Using Surface Methods to Understand the Ohaaki Hydrothermal Field, New Zealand [article]

Clinton Francis Rissmann, University Of Canterbury
2011
After water vapour, CO₂ is the most abundant gas associated with magmatic hydrothermal systems. The detection of anomalous soil temperature gradients, and/or a significant flux of magmatic volatiles, is commonly the only surface signature of an underlying high temperature reservoir. For both heat (as water vapour) and gas to ascend to the surface, structural permeability must exist, as the unmodified bulk permeability of reservoir rock is too low to generate the focussed fluid flow typical of
more » ... d flow typical of magmatic hydrothermal systems. This thesis reports the investigation into the surface heat and mass flow of the Ohaaki hydrothermal field using detailed surface measurements of CO₂ flux and heat flow. Detailed surface measurements form the basis of geostatistical models that quantify and depict the spatial variability of surface heat and mass flow, across the surface of both major thermal areas, as high resolution pixel plots. These maps, in conjunction with earlier heat and mass flow studies, enable: (i) estimates of the pre-production and current CO₂ emissions and heat flow for the Ohaaki Field; (ii) interpretation of the shallow permeability structures governing fluid flow, and; (iii) the spatial relationships between pressure-induced ground subsidence and permeability. Heat flow and CO₂ flux surveys indicate that at Ohaaki the soil zone is the dominant (≥ 70% and up to 99%) pathway of heat and mass release to the atmosphere from the underlying hydrothermal reservoir. Modelling indicates that although the total surface heat and mass flow at Ohaaki is small, it is highly focused (i.e., high volume per unit area) relative to other fields within the Taupo Volcanic Zone (TVZ). Normalised CO₂ emissions are comparable to other volcanic and hydrothermal fields both regionally and globally. Despite 20 years of production, there is little difference between pre-production and current CO₂ emission rates. However, the similarity of CO₂ emission rates masks a 40% increase in CO₂ emissions from new areas of intense steaming ground tha [...]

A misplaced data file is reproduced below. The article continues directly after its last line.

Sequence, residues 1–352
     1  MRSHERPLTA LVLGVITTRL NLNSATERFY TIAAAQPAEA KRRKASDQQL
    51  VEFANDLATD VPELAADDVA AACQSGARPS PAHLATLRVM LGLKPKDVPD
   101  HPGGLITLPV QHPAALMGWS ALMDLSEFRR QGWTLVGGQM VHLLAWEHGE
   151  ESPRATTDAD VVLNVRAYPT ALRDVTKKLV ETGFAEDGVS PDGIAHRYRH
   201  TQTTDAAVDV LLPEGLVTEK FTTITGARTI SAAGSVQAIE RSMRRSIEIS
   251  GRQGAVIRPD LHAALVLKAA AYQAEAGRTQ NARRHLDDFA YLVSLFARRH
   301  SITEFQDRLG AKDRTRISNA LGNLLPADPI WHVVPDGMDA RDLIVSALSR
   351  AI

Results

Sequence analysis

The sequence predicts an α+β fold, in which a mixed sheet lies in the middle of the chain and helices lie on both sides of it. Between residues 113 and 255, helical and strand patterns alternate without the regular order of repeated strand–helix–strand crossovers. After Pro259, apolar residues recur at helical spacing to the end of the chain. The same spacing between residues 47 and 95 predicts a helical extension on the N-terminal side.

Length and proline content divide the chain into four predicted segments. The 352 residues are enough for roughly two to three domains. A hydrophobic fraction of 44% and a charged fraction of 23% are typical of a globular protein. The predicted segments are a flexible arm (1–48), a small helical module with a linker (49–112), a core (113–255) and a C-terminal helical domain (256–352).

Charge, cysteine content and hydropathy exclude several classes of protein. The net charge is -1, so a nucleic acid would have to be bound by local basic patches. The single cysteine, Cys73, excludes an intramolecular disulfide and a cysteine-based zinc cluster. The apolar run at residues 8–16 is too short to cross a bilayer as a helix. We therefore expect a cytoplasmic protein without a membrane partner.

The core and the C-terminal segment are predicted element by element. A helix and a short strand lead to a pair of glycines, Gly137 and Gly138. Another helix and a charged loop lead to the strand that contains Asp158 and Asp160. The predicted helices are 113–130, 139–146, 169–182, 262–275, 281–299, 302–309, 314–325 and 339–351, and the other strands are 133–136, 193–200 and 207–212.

doi:10.26021/7492 fatcat:2micru32tjfvjifkze2kex34ru